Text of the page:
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Septa: Perry 1811

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  • Title: Septa, PL. 14 
  • Author: George Perry
  • Date: 1811
  • Medium: Hand-colored aquatint
  • Condition: Very Good +
  • Inches: 9 3/4 x 13 1/2 [Image]
  • Centimeters: 24.77 x 34.29 [Image]
  • Product ID: 3010036

George Perry, British naturalist and expert in malacology (the study of mollusks), published two major natural history works during his lifetime. One of them Arcana; or the museum of natural history, a richly-illustrated natural history magazine, was released in monthly installments from January 1810 to September 1811. He published his other major work, Conchology, or the natural history of shells, in 1811. The majority of Perry’s contemporaries ascribed to Linnaean taxonomy, the system of natural classification devised by Swedish botanist Carl Linnaeus in the eighteenth century. However, Perry adhered to the taxonomic system and theories of evolution popularized by French naturalist Jean-Baptiste Lamarck. As a result of these dissenting views, Perry’s work was deliberately ignored at the time by many of his fellow British naturalists. Very little is known about him today.

Includes the following page of corresponding descriptive text:


Genus. SEPTA.
Character. Shell spiral; the spire and body intersected by membranaceous septae or divisions, placed irregularly and alternately on the body and spire; the first of these forms the maxilla oris, the rest are placed upon the body and spire; the beak variously bent. The septae are of a different colour from the rest of the shell.
No. 1. Septa Parkinsonia. Shell olive-coloured, and angulated; the mouth white, with a tuberculated edge, inclining to gray. This shell being hitherto undescribed, I have taken the liberty of naming it Parkinsonia, in honour of Mr. James Parkinson, of Hoxton, author of a curious Work upon the natural history of fossils. It is a native of the coast of New Holland.
No. 2. Septa Scarlatina. Shell variegated with scarlet, yellow, and white streaks; spire round and blunted; the mouth narrow and small. A native of Amboyna and the Eastern Seas.
No. 3. Septa Spengleri. Shell brown, sometimes covered with a green epidermis; spire tuberculated; mouth deeply ridged, and white. A native of New Holland.
No. 4. Septa Rubicunda. Shell red, beautifully streaked with white and brown marks; spire tuberculated; the mouth denticulated, and having two white teeth on the inner side. This shell resembles the Murex tritonia of Linnaeus; but is much smaller. It is a native of New Holland.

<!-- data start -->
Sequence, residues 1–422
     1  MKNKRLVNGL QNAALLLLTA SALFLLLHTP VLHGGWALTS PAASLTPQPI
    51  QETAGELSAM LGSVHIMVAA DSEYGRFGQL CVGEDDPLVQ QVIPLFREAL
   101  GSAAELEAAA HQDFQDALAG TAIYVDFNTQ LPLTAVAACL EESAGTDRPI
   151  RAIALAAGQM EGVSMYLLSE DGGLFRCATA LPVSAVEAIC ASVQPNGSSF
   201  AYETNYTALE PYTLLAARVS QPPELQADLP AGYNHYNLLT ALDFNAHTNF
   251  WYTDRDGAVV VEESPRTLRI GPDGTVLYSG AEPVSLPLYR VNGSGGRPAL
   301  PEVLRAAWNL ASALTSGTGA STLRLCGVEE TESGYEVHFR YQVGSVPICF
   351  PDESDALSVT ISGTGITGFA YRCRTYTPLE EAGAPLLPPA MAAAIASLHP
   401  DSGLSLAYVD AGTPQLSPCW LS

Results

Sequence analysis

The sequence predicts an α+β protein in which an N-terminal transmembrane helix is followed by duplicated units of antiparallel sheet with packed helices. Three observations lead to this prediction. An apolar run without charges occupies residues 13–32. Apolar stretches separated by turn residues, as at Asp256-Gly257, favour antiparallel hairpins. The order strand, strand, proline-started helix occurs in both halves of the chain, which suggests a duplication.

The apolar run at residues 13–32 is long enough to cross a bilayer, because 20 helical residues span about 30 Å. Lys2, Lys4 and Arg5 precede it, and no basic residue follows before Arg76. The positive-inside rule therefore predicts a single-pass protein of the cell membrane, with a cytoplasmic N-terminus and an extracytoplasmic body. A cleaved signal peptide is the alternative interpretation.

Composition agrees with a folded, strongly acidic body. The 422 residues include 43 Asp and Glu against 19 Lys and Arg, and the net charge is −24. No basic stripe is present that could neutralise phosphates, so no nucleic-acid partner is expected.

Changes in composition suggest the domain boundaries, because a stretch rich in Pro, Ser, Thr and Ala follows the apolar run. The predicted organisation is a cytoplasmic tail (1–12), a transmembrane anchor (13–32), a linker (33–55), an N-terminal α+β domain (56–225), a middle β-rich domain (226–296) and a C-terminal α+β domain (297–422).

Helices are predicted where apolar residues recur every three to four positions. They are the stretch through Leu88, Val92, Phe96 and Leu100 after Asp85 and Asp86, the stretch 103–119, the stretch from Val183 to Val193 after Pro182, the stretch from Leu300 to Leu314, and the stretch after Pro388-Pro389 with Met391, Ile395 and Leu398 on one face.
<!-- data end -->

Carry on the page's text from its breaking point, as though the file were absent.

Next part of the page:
No. 5. Septa Rubecula. Shell variegated, brown, red, and white; the mouth having a rounded channel at the top, like the rest of the Septae, only more distinctly marked. This shell is a native of the South Seas, and has been mistakenly called a Murex by some authors who have delineated and described it.
No. 6. Septa Triangularis. Shell reddish brown, variegated with white and dark brown marks; its singularly angulated form, and particularly its angular cheek, will easily distinguish it from the rest of its congeners. It is a native of the Southern Ocean.


The various forms of the curious genus are very striking, and sometimes apparently opposite to each other; nevertheless, if we take the following character as our guide, namely, membranaceous folds, longitudinally placed, one of these forming the cheek of the mouth and the rest of the folds irregularly placed, all the difficulty of classing them will cease at once. At the same time it will be found that these shells have a natural relation to each other in many more respects, such as the folds being painted generally of a different colour from the rest of the shell, the indented notch, and tooth faintly marked at the top of the mouth. This general relationship will fully justify the accurate Conchologist in separating them from the Murex, and all other genera hitherto described.